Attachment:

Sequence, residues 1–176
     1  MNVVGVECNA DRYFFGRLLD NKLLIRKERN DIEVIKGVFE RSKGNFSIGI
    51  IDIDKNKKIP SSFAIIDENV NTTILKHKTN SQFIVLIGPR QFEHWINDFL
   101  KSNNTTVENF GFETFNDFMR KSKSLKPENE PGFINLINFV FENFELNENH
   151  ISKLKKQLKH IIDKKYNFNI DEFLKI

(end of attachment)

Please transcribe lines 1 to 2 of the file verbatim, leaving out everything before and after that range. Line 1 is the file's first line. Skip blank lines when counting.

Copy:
Sequence, residues 1–176
     1  MNVVGVECNA DRYFFGRLLD NKLLIRKERN DIEVIKGVFE RSKGNFSIGI